Empowered to NOT Do?

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M_Diana2With my aching foot encased in a gigantic boot, propped high on pillows, and my heart wondering how or if this thing will be healed–whether by Holy Spirit power, mysterious and unseen, or by the skilled hands that hold the scalpel and the needle–let me think about this idea of “empowered” for a while.

I am used to going, to doing. Caring for others. Getting things done. I am not used to receiving help or asking for it. In fact, I hate feeling helpless. Hate it.

Now that I think about it, I suppose that makes me a control freak, of sorts. And let’s drop that “of sorts,” shall we? Out-and-out, full-bore, driven, up-front–yeah, those are more accurate descriptors.

I’ve always been a take-charge person, a number-one child, a bit on the bossy side and pretty good on follow-through.

Right now, however, I can’t even follow.

I must sit. And wait. And wonder. And empowered is SO not how I feel.

When I take a breath, however, and slow my mind; when I stare at the sea or the foothills; when I open my hands and lower my weary head, that is when the truth sneaks in the door and tentatively settles around me.

To be honest, I am not completely comfortable with the truth–is anybody, ever? But I am learning more about leaning into it, one day at a time.

And this is it, this truth of which I speak: all the power that I need for whatever is on my plate at any given moment is already here. It is not something I control or manufacture or imagine. It is not something I conjure up out of one part spit and one part stubbornness. It is not something endemic to me, as a bossy, number-one child. It is internal, but it comes from outside of me, which makes it paradoxical, mysterious, sometimes even elusive.

It is a Power to which I must submit, yield, and re-commit–sometimes on a moment-to-moment basis. It is what the Jesuits call, “The Soul of Christ,” that remarkable experience of the indwelling of the Spirit of God, the Spirit who walks with me through all of my days, guiding, comforting, nudging, and yes, empowering.

Right now, empowering doesn’t look like what I’m used to. It doesn’t look like getting things done, being busy, taking care of a long list of other people whose needs are generally far greater than my own. It does not look like much of anything outside of this body of mine, which is, for the foreseeable future, the master of my schedule and the ruler of my days.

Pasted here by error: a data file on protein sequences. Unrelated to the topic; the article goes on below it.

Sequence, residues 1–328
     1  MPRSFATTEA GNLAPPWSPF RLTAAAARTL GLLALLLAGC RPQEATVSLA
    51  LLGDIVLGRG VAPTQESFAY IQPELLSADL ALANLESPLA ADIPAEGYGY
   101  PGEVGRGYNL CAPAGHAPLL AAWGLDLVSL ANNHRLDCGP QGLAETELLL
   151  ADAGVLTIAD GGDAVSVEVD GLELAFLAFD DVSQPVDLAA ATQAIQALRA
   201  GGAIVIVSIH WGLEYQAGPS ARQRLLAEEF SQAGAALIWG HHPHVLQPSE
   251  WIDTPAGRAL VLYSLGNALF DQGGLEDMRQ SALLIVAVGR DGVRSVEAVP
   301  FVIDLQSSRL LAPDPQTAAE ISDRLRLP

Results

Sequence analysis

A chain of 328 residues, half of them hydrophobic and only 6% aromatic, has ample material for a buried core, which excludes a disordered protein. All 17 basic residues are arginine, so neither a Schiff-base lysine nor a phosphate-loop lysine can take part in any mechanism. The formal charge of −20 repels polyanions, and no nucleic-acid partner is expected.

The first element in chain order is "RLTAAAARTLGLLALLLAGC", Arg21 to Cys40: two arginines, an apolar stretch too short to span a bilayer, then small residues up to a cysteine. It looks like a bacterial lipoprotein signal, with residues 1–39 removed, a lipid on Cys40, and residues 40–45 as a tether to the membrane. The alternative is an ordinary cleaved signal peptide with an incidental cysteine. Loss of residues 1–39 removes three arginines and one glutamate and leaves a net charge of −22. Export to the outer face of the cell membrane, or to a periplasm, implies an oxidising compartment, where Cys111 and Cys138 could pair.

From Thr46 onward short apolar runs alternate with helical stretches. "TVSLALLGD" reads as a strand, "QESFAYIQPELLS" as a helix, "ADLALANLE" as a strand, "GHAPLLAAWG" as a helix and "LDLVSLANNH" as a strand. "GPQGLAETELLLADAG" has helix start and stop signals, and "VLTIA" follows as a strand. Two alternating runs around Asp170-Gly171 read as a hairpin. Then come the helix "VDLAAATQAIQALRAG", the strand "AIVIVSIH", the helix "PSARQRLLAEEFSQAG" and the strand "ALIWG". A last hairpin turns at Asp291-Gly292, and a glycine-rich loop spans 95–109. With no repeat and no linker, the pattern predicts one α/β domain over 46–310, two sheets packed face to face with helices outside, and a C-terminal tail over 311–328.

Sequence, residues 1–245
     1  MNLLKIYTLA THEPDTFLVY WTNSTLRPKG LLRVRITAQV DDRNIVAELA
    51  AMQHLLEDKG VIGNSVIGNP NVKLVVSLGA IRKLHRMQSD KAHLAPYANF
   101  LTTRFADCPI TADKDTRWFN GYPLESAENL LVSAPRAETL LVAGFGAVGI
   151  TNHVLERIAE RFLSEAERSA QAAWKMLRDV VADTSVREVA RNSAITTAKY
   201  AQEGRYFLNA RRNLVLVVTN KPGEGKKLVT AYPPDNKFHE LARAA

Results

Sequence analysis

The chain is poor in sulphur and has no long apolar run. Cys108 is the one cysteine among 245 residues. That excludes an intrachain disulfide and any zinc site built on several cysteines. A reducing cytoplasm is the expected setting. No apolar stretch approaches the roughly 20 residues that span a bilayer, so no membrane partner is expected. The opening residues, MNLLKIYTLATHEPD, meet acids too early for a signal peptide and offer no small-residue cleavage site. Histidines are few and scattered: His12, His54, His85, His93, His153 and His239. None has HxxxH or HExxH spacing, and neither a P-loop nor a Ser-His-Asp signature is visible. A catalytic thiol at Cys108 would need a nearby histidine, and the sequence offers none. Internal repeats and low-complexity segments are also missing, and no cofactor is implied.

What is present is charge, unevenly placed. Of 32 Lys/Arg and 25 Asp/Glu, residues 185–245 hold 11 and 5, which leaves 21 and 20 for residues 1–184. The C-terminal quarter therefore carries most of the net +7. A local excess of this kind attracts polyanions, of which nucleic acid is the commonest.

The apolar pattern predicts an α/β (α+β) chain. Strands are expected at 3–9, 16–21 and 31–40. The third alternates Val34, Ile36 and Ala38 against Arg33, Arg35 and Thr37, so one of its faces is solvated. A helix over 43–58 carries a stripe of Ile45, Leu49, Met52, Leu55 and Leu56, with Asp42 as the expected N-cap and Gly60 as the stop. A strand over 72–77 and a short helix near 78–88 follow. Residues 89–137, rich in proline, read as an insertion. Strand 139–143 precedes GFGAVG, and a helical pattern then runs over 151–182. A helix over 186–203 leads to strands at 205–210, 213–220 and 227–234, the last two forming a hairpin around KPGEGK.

Empowerment looks decidedly different today than it did one week ago. Because today, I am asking first for the power to be patient. I am asking for the power to be gracious. I am pleading for the power to be still instead of in motion, to be slow instead of quick. To be kind to myself and careful with my energies. To be aware of how this change in my status impacts my image of myself and the way others view me.

And hear me when I say this: it ain’t easy.

I know about being empowered to accomplish, to be recognized as fully qualified, to preach and teach and baptize. I know about being empowered to do.  Empowered to not do? This is a completely foreign idea, unfamiliar territory.

And it scares the crap outta me.

So I am memorizing a prayer that is new to me. One that seems eminently suitable for these days. It is a prayer of submission, and a prayer of recognition that only Jesus can be in charge of this life. Only Jesus can be enough, only Jesus can empower me to be enough even when I’m on the sidelines of life:

“Jesus, may all that is you flow into me.
May your body and blood
be my food and drink

May your passion and death
be my strength and life.

Jesus, with you by my side
enough has been given.

May the shelter I seek
be the shadow of your cross.

Let me not run from the love
which you offer.

But hold me safe from the forces of evil.

On each of my dyings
shed your light and your love.

Keep calling to me until that day comes,

When, with your saints,
I may praise you forever. Amen.”

– David L. Fleming, SJ

________________

Image credit: Pete

 

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Diana Trautwein
Married to her college sweetheart for over 50 years, Diana is always wondering about things. She answers to Mom from their three adult kids and spouses and to Nana from their 8 grandkids, spread over a 19 year age range. For 17 years, after a mid-life call to ministry, she answered to Pastor Diana in two churches where she served as Associate Pastor. Since retiring at the end of 2010, she spends her time working as a spiritual director and writes on her blog, Just Wondering. For as long as she can remember, Jesus has been central to her story and the church an extension of her family. Not that either church or family is exactly perfect . . . but then, that’s what makes life interesting, right?
Diana Trautwein

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